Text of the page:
If you've waited to get at tablet for your business – or just for fun at home – your options increased quite a bit on Tuesday.
Apple's new iPads will steal the most headlines. The Silicon Valley giant unveiled its new flagship tablet, which it's calling iPad Air. The 9.7-inch device has a faster processor and better camera than last year's model. Most significantly, the Air lives up to its name, tipping the scales at just one pound – nearly 30 percent lighter than the 2012 version. It's also 20 percent thinner. You can get it in silver and space grey.
You'll pay $499 for the 16GB Wi-Fi-only version of the iPad Air; those compatible with cellular networks start at $629. If you want 32GB of storage, you'll pay an extra $100. You can get as much as 128GB if you want to shell out $799 (Wi-Fi-only) or $929 (cellular-connected). The Air is available in 40 countries beginning Nov. 1.
“iPad created an entirely new mobile computing experience, and the new iPad Air is another big leap ahead. It is so thin, light and powerful, once you hold one in your hand you will understand what a tremendous advancement this is," said Philip Schiller, Apple’s senior vice president of worldwide marketing.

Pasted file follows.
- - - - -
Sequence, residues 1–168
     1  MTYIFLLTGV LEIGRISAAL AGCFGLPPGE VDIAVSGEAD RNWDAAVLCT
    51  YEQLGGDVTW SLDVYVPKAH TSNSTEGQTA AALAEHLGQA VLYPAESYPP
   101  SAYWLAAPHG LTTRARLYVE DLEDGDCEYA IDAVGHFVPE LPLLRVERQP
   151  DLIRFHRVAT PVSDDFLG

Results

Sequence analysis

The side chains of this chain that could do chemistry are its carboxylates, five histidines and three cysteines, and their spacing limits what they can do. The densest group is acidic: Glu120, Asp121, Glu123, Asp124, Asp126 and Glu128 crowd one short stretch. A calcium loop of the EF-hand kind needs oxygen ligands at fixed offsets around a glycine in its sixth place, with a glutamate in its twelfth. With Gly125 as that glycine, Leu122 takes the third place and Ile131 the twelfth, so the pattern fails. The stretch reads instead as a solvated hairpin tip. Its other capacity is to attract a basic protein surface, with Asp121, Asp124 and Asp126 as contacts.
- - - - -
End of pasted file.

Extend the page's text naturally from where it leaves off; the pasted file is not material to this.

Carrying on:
Apple also introduced its second iPad mini. This version of the 7.9-inch device comes with the company's sharper Retina display and the upgraded processor. Prices start at $399 (Wi-Fi-only) and $529 (cellular). The new mini goes on sale sometime in November.
Apple is consolidating its tablet product line. Only the new iPads, the iPad 2 and the original iPad mini are available. The company cut $100 off the price of the old mini. The base model of the iPad 2 will go for $399.
“This is the clearest statement Apple could have made that it is only interested in competing in the premium tablet space," noted Jan Dawson, chief telecoms analyst at Ovum. "The yawning gap between the specs of the cheaper iPad mini and iPad 2 and the new iPads signifies that it is only willing to compete at the lower price points with older models. This leaves a huge chunk of the tablet market unserved by Apple while others such as Google, Amazon and a raft of others aggressively target the sub-$400 market. This reinforces our view that Apple's share in tablets will continue to fall as Android's share rises over the coming years."
Also new is something T-Mobile USA customers will enjoy. Their carrier will offer iPads for the first time.
Not to be outdone, Nokia made news on Tuesday by unveiling its first Windows-based tablet, the Lumia 2520.